It’s a little late for heroics, don’t you think?
Well, this is embarrassing. Again, when I’ve used the phrase “See you folks Monday”, I’ve forgotten to actually post on that Monday. Well, this time it’s just going to be a little late.
The main source of my distraction was a gaming session that went rather late into the night Sunday. It was a gathering to play in my new favorite role-playing game: Iron Heroes. It’s similar to Dungeons & Dragons in many regards, except that it’s a more advanced system. D&D has been simplified over the years, ending in the current edition, which my gaming group and I enjoy but find rather over-simplistic. D&D is meant to be very accessible and easy to pick up, thus the rules are relatively simple, with less room for character customization. This is certainly not a flaw, but it makes it so that, after after playing D&D every other weekend for 4 or 5 years, it gets a little old.
So when I heard about Iron Heroes, I brought it to the group’s attention, and they agreed that it would be fun to play in. That was about six months ago, and ever since, although our gaming sessions have been becoming fewer and farther between because of growing responsibilities, we’ve been playing Iron Heroes.
In its introduction, Iron Heroes states that it is not for beginners, because of the complexity. I think this may be something of an overstatement, but I could see how the system could be daunting to a complete newbie. At any rate, to us, it’s very interesting and fascinating. For example, instead of having a wide plethora of feats that are generally separate feats, with a few being organized into hierarchical trees, Iron Heroes feats are almost all multi-leveled. The shortest feat trees are about three feats long, but almost all of them have ten levels.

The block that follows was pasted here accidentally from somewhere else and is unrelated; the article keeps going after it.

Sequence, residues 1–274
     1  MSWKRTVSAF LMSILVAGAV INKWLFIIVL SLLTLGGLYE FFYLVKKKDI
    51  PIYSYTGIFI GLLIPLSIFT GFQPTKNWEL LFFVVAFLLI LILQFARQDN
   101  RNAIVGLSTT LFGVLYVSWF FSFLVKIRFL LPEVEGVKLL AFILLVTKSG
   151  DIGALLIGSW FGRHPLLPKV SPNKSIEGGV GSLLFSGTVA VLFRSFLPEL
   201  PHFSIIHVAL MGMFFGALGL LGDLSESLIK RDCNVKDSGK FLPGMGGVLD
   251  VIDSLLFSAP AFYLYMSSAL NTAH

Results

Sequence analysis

This is because of a commitment to the ideal that Iron Heroes is based on: the sword that the hero swings doesn’t give him its power, it’s just a tool to get his work done. This is in direct contradiction to the standard D&D way of doing things where, as your character gets better and gains more abilities, so can you also afford to buy better weapons and armor. The end product of this is that, at higher levels, characters are so decorated with magical items that they become reliant on them to be able to defeat evenly-matched foes.
But in the words of the Iron Heroes rulebook, “You are not your magic weapon and armor. You are not your spell buffs. You are not how much gold you have, or how many times you’ve been raised from the dead. When a Big Bad Demon snaps your sword in two, you do not cry because that was your holy avenger. You leap onto its back, climb up to its head, and punch it in the eye, then get a new sword off of the next humanoid you headbutt to death.”
Anybody who’d be interested in this sort of thing has already had their interest piqued, I’m sure, so I’ll let them explore the other online resources about it, if they are. And for those who’ve had their eyes glaze over at the last few paragraphs, well, I’ll let you go. Have a good day.